How limited are the Dodgers new owners?

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I’m writing this from a hotel room in Los Angeles, where — despite it being just before 5am as I type this — my body thinks it’s still on eastern time. Stupid body.

Anyway, I flew here last night and, being a wise and prudent man, made my way to the hotel bar so that I might come to quickly understand my environment and the people that inhabit it. I found them to be a curious lot, somehow taken with the notion that the Dodgers’ new ownership group — despite not taking actual control for another month — will somehow will this team into immediate contention.

I was about to educate them about just how deluded they are when it comes to such matters — see my Dodgers preview here a little later this morning to get some real talk about this team that should disabuse anyone of such assumptions — but since they were buying my drinks I decided to nod and say “well, maybe.”

But no, it’s not happening. At least not in 2012. And not just because there is no way to practically improve this team at the moment. Rather, because there may be … constraints on this ownership group due to a $ 2 billion price tag.

Magic Johnson has basically pshawed that notion, saying that the Dodgers are going to be the Yankees west. But The Economist thinks differently:

At this price, everything would have to go right for the new owners to make a profit. They are required to make costly capital improvements to Dodger Stadium as part of the deal … And although the deal has been described as a “100% cash offer”, it is doubtful that even Guggenheim has $2 billion of its own capital lying under the mattress and available to buy a baseball team. The far more likely outcome is that the acquisition will have to be financed with a heavy debt load, whose interest payments will probably siphon off much of the franchise’s revenues and limit the owners’ ability to invest in it.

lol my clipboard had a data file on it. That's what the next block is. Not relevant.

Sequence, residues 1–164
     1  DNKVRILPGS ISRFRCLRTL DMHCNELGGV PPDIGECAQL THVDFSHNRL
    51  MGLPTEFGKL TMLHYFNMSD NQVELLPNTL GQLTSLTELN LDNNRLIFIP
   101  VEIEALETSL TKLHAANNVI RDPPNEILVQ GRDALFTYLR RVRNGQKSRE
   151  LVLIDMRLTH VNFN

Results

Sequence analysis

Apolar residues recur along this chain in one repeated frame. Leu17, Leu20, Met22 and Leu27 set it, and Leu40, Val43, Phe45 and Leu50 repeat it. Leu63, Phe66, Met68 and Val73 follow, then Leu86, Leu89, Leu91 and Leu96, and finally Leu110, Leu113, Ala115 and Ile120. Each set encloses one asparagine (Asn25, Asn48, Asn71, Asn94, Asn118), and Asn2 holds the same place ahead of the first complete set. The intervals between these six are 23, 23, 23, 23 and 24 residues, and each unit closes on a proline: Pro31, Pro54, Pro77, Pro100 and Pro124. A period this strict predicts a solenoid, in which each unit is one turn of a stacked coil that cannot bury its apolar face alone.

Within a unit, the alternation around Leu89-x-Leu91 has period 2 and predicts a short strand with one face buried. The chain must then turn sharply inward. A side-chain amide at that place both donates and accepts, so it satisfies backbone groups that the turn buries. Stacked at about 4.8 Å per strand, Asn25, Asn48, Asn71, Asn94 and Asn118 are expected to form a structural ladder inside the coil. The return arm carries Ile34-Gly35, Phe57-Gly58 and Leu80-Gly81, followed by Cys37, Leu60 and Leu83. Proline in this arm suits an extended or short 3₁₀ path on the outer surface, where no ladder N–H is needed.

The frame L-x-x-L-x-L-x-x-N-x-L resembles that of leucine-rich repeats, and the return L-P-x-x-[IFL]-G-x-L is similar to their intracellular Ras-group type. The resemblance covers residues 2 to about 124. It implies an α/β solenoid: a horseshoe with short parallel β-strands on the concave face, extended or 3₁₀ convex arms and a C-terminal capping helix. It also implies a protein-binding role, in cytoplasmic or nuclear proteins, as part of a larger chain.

We’ve obviously seen that scenario before. But this time they’re claiming that things will be different. Will the new owners damn the torpedoes, and order full speed ahead on free agent acquisitions, or will they worry about that cash flow and skew conservative?

Steven Matz likely to start season on DL; Zack Wheeler to adhere to innings limit

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Mets manager Terry Collins said on Wednesday, “It’s unlikely that [Steven Matz] will start the season with us.” The final spot in the Mets’ starting rotation will go to either Zack Wheeler or Seth Lugo, Newsday’s Marc Carig reports.

On Wheeler’s innings limit, assistant GM John Ricco said, “There’s going to be some number but we don’t exactly know what that is.” Wheeler missed the last two seasons after undergoing Tommy John surgery.

Neither Wheeler nor Lugo have had terrific springs as each carries a 5.11 and 5.56 Grapefruit League ERA, respectively. However, Carig notes that Wheeler has impressed simply by appearing healthy and brandishing a fastball that once again sits in the mid- to high-90’s. Lugo, meanwhile, proved crucial to the Mets last year, posting a 2.67 ERA across eight starts and nine relief appearances.

Rockies sign 30-year lease to stay in Coors Field

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Nick Groke of the Denver Post reports that the Rockies agreed to a $200 million, 30-year lease with the Metropolitan Baseball Stadium District, which is the state division that owns Coors Field. As part of the deal, the Rockies will lease and develop a plot of land south of the stadium, which will cost the team $125 million for 99 years.

As Groke points out, had the Rockies not reached a deal by Thursday, March 30, the lease would have rolled over for five more years.

Rockies owner Dick Monfort issued a statement, saying, “We are proud that Coors Field will continue to be a vital part of a vibrant city, drawing fans from near and far and making our Colorado residents proud.”

The Rockies moved into Coors Field in 1995. It is the National League’s third oldest stadium. In that span of time, the Rockies have made the playoffs three times, the last coming in 2009 when they lost in the NLDS to the Phillies. The Rockies were swept in the 2007 World Series by the Red Sox.